Saturday, July 10, 2010

Return from East Africa

Peter Kololi teaching in Singida, TZ Bus accident on the way to Tanga, TZ

EPI team on the east coast of Kenya

Tanzania and Kenya
One week ago I returned from Tanzania and Kenya. This ministry is all about equipping the African pastors so that they can become better teachers. To that end, I always try to have a number of Africans teach with me whenever possible. In Dodoma and Singida, TZ, Wilbert Seme, Peter Kololi, and Peter Minja all taught with me. At our final conference in Kilifi, KE, 4 Africans taught with me: Ernest Mwilitsa (my host); Michael Taari from Nairobi; George Kariuki from Murang'a; and Obed Magoko from Karatina. They did excellent work. A number of people commented to me especially on Michael Taari's applications and examples drawn from real life. That is why I always tell my African friends: "You can teach this material better than I can, because you know the language, you know the culture, and you know the people because you are one of them."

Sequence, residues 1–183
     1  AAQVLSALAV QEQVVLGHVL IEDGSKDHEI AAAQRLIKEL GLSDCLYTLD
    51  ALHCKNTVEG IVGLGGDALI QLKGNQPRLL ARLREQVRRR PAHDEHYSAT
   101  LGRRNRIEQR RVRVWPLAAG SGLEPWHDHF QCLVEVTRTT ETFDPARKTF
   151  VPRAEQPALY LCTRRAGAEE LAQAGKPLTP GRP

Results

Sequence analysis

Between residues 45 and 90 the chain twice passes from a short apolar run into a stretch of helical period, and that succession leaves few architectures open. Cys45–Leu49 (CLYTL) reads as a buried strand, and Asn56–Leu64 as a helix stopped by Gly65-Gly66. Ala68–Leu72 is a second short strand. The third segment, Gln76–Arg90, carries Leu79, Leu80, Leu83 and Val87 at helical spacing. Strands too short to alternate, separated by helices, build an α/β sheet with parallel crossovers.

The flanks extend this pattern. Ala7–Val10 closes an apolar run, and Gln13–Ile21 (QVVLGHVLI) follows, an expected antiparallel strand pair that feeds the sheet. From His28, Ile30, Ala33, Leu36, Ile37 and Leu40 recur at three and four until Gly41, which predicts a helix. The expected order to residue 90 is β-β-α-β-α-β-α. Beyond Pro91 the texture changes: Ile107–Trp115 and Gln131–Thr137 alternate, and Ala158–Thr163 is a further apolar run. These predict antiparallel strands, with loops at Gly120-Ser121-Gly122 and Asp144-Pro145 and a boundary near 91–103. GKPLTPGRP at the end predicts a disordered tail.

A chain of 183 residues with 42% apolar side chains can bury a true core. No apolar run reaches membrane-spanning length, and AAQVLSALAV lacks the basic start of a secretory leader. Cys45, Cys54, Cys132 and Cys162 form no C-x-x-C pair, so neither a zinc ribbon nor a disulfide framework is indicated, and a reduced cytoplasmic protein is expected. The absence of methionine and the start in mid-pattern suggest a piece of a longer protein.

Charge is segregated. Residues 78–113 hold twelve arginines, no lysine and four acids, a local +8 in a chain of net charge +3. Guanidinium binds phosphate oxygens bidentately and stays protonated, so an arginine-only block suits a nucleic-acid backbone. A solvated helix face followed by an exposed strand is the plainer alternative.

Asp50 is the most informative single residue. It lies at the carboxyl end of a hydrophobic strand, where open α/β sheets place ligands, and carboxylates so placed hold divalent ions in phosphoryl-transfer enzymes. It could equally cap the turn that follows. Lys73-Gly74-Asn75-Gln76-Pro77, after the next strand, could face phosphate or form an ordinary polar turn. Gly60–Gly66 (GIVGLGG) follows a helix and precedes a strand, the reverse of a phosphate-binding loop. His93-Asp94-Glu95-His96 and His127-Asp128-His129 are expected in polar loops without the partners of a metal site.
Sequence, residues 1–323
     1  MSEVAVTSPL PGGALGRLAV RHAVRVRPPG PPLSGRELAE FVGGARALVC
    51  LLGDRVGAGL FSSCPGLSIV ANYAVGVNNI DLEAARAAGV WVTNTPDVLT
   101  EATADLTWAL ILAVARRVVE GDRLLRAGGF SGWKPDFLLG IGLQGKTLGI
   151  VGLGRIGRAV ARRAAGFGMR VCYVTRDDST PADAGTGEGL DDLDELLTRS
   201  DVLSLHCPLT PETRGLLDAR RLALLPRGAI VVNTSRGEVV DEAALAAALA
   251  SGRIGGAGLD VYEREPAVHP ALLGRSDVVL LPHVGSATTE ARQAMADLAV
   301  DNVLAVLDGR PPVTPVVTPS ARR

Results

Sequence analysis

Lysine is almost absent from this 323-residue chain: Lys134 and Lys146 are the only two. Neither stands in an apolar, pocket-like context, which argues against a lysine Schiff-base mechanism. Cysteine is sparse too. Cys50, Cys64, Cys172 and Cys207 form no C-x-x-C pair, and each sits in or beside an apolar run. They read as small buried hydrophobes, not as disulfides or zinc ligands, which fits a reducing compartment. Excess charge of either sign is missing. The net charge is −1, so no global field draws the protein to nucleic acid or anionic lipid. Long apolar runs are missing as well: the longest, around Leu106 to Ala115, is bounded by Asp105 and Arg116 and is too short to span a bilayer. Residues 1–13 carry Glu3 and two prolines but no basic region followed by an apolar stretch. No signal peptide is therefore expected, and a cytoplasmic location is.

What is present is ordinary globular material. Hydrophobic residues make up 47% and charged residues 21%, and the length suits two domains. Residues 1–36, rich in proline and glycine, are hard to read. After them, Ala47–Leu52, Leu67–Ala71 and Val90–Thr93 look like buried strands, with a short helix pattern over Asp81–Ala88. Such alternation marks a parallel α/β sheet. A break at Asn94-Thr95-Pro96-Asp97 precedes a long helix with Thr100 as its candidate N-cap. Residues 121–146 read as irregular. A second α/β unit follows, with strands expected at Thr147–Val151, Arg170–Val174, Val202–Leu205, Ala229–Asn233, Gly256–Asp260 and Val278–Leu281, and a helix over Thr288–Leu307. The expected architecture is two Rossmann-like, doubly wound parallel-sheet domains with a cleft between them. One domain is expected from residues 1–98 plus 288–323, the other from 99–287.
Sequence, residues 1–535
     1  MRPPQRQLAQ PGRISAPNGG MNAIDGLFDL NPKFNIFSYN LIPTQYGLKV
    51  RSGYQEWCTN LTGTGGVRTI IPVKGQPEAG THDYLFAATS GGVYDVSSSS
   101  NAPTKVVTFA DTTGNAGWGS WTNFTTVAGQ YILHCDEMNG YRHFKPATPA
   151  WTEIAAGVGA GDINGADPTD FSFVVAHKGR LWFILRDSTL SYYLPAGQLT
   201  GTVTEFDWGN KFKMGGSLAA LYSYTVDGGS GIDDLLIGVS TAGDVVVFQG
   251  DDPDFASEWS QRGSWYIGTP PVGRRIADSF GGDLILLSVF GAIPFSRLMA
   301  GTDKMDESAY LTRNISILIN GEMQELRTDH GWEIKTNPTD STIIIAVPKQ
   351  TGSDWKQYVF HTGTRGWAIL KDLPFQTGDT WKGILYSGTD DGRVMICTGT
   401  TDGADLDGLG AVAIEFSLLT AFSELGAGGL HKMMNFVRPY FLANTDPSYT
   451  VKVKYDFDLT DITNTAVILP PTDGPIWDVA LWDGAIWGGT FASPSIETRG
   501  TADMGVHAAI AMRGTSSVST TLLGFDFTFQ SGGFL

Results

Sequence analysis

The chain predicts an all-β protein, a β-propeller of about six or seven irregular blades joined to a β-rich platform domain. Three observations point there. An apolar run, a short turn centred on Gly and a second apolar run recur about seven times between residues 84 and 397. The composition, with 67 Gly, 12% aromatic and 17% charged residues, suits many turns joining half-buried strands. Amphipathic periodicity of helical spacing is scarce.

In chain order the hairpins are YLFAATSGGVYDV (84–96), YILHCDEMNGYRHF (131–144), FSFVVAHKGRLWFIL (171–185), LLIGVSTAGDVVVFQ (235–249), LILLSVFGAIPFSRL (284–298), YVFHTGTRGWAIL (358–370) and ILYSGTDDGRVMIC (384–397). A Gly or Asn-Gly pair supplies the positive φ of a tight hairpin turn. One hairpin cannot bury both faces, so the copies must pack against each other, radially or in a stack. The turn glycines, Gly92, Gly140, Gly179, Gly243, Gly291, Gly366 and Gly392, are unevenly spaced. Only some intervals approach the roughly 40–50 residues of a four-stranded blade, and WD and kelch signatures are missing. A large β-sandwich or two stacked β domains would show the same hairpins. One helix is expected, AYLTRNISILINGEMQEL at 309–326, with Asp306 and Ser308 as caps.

Democratic Republic of Congo (DRC)
Equipping the African church leaders enables the work of EPI to spread to new places indigenously, without my presence. A perfect example of that is what is happening in DRC. Theophile Rugubira of Rwanda and Martin Odi of Uganda led an all-African EPI team to Bukavu in eastern DRC, and just completed EPI's second all-African conference there. Here is part of Martin's report to me on the work in DRC: "The work in DRC is excellent. In my opinion I am praying that the Good Lord will provide more funding to us to teach in Congo than any other place in the great lakes region of Africa, apart from the mentoring classes we want to do in all places. I think the DRC is more hungry and thirsty for these teachings than any place I have ever been in my life! and I mean it. Brother Theo will give a better report than me. But it is awesome! Wow, the army chaplains where drinking everything we said, and have invited us to talk to them in all places. There is a wide open door of ministry in this area than any other."
The value of translating EPI's written materials